In 1647 they were due to be sent to Ireland but refused to depart Inverness until arrears of pay had been settled. Therefore, by default, they can be viewed as one of the Scots New Model Army regiments. By Dunbar they were described as the stoutest regiment in the army. The regiment joined Charles's army in camp at Stirling in 1651 and likely ended their service at the Battle of Worcester, though Furgol notes this is not confirmed.

Coats, Flags & Equipment

The regiment was likely dressed in ubiquitous Scots hodden grey with blue bonnets. In 1639, remarkably, they were noted to be wearing red trousers. In February 1646 400 suits of clothing and 400 pairs of shoes were requested for the regiment.

Possibly a blue flag with white saltire and the inscription COVENANT for Religion Croune and Countrie captured at Dunbar might be from the regiment.1).

In 1639 Campbell of Lawers called for bows and arrows and hackbutts, though probably the regiment was conventionally equipped with pike and musket through most of its career. Furgol mentions the possibility of them having firelocks by Dunbar.

Notable Officers

A list of the regiment's officers is shown in Stuart Reid's Scots Armies of the 17th Century 1. The Army of the Covenant 1639-1651 Partizan Press 1998 ISBN 094652550

Archibald Campbell, 1st Marquis of Argyll

Argyll (also spelt Argyle) (circa 1607-1661) was Chief of Clan Campbell and most prominent leader of the Scots Covenanters. In effect he ruled Scotland during the Civil Wars. Biographies can be found online at the BCW website, Wikipedia and the Peerage.com. In 1639 he seized Hamilton's castle at Broddick. He led Covenanter forces in a raid on the Highlands during the Second Bishops' War of 1640, capturing Airlie and Dumbarton Castles. In 1644 he accompanied the Covenanter invasion of England but soon returned to Scotland, in May he took Aberdeen from Huntly's Royalists, then captured Kellie Castle. He led the Covenanters at the Battle of Fyvie and besieged Huntly Castle in winter 1644. In 1645 he was present at Inverlochy, but not a participant in the battle due to a dislocated shoulder and fled the scene in his galley on Lake Linhe. He was also present at Kilsyth. In 1648 he opposed the Engagers and later supported the Whiggamore rising, but in 1651 helped strike the deal that saw Charles II lead another Scottish army into England. In 1653 he opposed Glencairn's rising. Convicted of treason after the Restoration, he was beheaded in May 1661, his head being affixed to the same spike that had held Montrose's eleven years before.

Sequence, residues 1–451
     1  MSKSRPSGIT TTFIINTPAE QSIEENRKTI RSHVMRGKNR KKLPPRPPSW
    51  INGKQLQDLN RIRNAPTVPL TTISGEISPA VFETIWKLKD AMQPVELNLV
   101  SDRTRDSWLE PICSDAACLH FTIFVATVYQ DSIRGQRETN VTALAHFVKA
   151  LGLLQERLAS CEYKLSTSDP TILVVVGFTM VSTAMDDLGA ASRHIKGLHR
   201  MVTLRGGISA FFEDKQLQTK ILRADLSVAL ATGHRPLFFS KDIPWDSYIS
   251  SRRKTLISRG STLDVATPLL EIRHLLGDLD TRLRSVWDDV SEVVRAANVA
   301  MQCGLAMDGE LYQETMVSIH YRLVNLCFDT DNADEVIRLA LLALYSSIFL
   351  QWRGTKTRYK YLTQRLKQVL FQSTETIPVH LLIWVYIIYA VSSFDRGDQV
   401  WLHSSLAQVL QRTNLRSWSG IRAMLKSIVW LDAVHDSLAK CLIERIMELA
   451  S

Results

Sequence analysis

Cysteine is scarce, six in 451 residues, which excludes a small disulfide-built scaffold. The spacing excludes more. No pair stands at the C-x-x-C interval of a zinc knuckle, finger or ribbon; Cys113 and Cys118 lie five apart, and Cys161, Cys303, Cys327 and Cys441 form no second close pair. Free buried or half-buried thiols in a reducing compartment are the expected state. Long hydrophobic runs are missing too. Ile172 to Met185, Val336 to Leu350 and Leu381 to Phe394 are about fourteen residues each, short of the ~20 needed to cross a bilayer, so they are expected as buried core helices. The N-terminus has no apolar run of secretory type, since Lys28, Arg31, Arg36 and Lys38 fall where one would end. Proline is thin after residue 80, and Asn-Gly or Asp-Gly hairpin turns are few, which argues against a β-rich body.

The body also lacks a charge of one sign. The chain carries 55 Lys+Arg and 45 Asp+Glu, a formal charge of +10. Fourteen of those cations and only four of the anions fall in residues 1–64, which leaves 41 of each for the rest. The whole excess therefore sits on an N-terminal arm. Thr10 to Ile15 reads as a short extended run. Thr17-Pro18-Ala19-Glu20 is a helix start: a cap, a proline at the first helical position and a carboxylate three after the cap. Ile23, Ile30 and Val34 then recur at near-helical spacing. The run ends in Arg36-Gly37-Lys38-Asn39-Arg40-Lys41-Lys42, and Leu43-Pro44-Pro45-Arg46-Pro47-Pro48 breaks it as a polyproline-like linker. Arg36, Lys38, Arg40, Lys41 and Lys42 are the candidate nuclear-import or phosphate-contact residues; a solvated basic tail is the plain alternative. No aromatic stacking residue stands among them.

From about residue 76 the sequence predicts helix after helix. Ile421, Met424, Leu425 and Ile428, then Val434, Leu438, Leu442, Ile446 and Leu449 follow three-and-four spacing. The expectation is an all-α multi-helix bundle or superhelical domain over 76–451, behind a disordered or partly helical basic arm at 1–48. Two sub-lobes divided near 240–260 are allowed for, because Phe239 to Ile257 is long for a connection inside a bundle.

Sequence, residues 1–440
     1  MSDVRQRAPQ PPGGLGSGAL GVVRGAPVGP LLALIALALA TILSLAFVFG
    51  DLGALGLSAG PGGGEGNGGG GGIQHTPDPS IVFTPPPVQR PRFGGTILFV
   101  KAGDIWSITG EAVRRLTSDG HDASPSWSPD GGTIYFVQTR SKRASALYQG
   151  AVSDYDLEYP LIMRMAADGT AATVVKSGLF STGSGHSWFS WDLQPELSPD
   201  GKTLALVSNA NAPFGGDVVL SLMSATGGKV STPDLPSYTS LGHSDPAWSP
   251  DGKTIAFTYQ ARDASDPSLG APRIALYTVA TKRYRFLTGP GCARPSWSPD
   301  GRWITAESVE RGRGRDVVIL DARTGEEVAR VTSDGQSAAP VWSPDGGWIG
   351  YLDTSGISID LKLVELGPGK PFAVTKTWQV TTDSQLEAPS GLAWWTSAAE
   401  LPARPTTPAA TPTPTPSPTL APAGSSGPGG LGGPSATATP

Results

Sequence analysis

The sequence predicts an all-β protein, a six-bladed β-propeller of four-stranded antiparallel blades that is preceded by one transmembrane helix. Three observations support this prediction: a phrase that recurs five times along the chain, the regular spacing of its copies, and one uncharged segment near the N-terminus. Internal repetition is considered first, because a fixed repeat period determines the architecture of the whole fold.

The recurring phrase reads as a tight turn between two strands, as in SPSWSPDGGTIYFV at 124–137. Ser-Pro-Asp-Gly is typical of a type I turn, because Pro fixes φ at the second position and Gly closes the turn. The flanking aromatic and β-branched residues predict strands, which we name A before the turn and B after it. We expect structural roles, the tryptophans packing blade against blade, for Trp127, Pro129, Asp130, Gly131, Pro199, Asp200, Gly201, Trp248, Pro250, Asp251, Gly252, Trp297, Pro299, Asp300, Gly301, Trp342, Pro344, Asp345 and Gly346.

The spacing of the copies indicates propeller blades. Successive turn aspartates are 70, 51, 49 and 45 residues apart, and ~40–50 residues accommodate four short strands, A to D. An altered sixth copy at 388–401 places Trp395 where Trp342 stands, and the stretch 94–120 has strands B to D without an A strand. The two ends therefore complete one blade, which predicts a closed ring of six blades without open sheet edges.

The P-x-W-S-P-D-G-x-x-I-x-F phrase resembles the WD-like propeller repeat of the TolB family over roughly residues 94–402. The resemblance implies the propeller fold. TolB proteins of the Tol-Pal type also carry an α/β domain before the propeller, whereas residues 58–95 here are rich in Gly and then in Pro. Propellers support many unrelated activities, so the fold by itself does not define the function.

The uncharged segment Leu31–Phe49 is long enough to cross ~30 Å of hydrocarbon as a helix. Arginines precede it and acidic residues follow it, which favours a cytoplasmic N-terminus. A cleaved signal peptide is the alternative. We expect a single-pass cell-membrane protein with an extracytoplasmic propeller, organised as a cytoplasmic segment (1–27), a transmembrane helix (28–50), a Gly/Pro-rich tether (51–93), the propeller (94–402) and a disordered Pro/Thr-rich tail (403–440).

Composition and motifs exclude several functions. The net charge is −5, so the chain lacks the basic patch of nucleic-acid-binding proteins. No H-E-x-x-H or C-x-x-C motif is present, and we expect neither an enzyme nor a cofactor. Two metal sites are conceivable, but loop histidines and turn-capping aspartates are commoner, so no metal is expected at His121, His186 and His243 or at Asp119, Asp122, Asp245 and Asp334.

Sir Mungo Campbell of Lawers

Sir Mungo Campbell was killed in Battle at Auldearn

Sir James Campbell of Lawers

Son of Sir Mungo, he took over the regiment in 1646

Officer Lists

  • Col. Sir Mungo Campbell of Lawers (Killed at Auldearn)
  • Lt. Col. William Campbell (Killed at Auldearn)
  • Capt. Campbell (Killed at Auldearn)
  • Capt. William Bruce (Killed at Auldearn)
  • Capt. Cashore (Killed at Auldearn)
  • Capt. Shaw (Killed at Auldearn)

Strength

  • April 1642: 932 foot
  • September 1642: 1132 officers and men, 78 sick
  • March 1644: 300 men return from Ulster
  • April 1644: Number 800 together with the Earl of Lothian’s Regiment
  • May 1645: Estimated 400 at Auldearn, but lose around 200 men
  • February 1646: 400 or more as per clothing request
  • July 1649: 644 foot
  • August 1649: Reorganised into 6 companies, and 187 more Linlithgowshire men authorised to be levied
  • September 1650: Estimated 600 at Dunbar
  • June 1651: 413 men
  • July 1651: 391 men
  • July 1651: 400 men

See Also

Campbell of Lawers' Regiment are re-enacted by Campbell of Lawers regiment of the English Civil War Society of America

1) Stuart Reid's Scots Armies of the 17th Century 2: Scots Colours Partizan Press 1988